New high school physical education rules that went into effect last year have caused some confusion for at least two families in Bexley -- and possibly more.

New high school physical education rules that went into effect last year have caused some confusion for at least two families in Bexley -- and possibly more.

Erica Levine and Jenny Goldson both addressed school board members during the March 10 regular meeting, saying they were unaware that students had to submit an optional physical education waiver to the district prior to participating in an accepted school sport or activity.

Levine said when a number of high school students were informally polled, many were unaware of the waiver's application rules requiring prior authorization.

The high school's physical education waiver reads, in part, "In accordance with Senate Bill 311, students in grades 9-11 may be excused from the physical education (PE) requirement for graduation by participating in district-sponsored interscholastic athletics, marching band, or cheerleading for at least two seasons.

"If the physical education requirement is waived, the student will be required to complete one half-unit, consisting of at least 60 hours of instruction, in another course of study."

The waiver also states, "Prior to participating in a full-season of a sport, marching band, or cheerleading and ... the student should complete and turn in the PE Waiver Intent Form to the high school Guidance Office."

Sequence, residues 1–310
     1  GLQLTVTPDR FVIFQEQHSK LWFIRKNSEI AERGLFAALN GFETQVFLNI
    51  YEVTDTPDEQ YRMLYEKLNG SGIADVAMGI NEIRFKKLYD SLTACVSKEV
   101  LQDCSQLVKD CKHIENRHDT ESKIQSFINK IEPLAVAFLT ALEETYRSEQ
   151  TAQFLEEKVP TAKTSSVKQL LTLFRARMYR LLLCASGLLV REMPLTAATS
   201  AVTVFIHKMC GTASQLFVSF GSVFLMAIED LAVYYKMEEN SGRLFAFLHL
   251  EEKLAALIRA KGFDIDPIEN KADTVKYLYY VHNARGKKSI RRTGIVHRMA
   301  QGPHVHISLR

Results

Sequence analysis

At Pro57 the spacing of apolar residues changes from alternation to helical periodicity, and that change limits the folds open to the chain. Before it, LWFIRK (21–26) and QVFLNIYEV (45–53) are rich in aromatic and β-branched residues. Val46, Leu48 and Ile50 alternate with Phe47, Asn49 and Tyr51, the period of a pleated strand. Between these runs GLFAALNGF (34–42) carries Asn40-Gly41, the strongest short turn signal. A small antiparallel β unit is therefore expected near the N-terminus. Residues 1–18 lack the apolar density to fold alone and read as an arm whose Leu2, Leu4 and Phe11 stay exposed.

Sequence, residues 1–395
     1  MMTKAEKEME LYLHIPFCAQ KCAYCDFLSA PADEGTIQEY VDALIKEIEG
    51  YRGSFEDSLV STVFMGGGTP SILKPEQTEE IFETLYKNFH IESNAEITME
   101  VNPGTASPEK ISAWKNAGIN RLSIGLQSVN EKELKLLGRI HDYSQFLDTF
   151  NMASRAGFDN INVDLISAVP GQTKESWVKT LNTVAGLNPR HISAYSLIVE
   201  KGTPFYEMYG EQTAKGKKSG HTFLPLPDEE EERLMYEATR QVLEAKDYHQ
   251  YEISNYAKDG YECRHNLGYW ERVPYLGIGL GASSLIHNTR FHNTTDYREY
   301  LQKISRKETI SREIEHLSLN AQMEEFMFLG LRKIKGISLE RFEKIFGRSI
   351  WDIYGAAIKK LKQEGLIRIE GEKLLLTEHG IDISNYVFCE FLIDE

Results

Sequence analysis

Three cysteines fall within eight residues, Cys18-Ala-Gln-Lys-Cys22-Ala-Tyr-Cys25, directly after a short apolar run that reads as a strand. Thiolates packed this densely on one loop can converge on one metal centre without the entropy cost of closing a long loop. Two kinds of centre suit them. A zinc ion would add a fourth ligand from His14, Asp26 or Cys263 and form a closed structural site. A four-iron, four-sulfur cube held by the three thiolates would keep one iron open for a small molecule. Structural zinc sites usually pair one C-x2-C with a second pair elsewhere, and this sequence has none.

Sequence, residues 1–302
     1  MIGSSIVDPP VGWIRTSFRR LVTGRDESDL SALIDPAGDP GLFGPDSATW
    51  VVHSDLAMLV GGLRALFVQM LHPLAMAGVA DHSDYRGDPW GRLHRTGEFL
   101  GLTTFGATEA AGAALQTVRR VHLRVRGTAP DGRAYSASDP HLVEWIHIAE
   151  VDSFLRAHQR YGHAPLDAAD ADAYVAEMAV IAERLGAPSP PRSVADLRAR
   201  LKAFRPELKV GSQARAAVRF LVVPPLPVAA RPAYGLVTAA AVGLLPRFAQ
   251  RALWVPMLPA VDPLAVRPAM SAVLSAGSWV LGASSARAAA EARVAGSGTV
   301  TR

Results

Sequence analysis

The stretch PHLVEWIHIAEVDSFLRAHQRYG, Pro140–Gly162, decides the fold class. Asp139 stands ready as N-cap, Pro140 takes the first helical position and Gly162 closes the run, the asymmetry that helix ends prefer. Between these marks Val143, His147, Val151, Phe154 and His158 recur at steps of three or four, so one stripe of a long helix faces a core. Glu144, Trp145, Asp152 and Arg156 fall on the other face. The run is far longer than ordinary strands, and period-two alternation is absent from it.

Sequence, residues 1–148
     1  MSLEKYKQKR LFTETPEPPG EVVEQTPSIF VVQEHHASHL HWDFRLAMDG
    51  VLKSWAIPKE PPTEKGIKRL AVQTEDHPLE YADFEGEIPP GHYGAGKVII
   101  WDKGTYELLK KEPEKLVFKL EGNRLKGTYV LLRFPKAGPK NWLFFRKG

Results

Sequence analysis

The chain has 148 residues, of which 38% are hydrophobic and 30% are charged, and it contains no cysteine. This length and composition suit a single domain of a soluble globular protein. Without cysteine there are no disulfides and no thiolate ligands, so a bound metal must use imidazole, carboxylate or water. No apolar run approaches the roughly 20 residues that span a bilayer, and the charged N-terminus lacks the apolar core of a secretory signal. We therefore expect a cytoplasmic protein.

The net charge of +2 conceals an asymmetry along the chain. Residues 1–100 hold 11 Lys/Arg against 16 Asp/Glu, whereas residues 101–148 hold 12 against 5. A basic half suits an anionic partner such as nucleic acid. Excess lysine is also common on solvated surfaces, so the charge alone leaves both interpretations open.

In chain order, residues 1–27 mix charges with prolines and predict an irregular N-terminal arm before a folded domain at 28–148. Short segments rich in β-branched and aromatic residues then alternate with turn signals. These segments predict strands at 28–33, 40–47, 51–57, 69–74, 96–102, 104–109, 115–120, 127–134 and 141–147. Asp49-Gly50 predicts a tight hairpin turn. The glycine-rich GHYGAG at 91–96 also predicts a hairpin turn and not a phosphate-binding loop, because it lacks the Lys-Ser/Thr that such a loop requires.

Levine and Goldson said that although they were aware of the waiver's existence, they were not aware of the application timeline.

Levine also noted that her son's summer PE class, which was canceled at the last minute due to low participation rates, was a class he had been counting on for graduation credit.

Harley Williams, principal of secondary schools, argued against changing the application process, pointing out that by applying prior to the beginning of the sport or activity, coaches and directors can then monitor students to ensure they fulfill all of the waiver's performance requirements.

For example, if a student is injured during a season, the policy states, "Injury will not prevent the completion of one season if the coach/director concedes that the student actively participated in 75 percent of practices and participated and/or was able to participate in 75 percent of the contests."

Also, if a student is cut from a team, the policy allows him or her to join another team that same season, as long as the student is able to join within three weekdays after being cut, and a new waiver is submitted.

Under Senate Bill 311, a student is required to complete two full seasons in order to be eligible for the waiver.

The school district policy states "Participation in only one full season cannot be combined with 0.25 credits to meet the PE requirement for graduation."

Following a lengthy discussion, board members agreed to a one-time exception to the filing deadline and will accept after-the-fact applications until March 30. After that date, the district will revert to its previous rules and deadline.

Williams expects only a handful of submissions.

Approved interscholastic sports as part of the waiver include baseball, cross country, lacrosse, tennis, basketball, field hockey, swimming, track and field, cheerleading, football, soccer, volleyball, golf, softball and wrestling. Marching band also is an approved activity.

There is one twist: If a student has not fulfilled the PE requirement prior to the beginning of his or her senior year, the student will be scheduled into a PE class, according to Bexley's policy.

"Participation in an athletic team, marching band or cheerleading will not qualify for the waiver during senior year without the approval of the administration," the policy states.

Information about the waiver and application forms are available through the high school guidance office and can be downloaded from the district's website,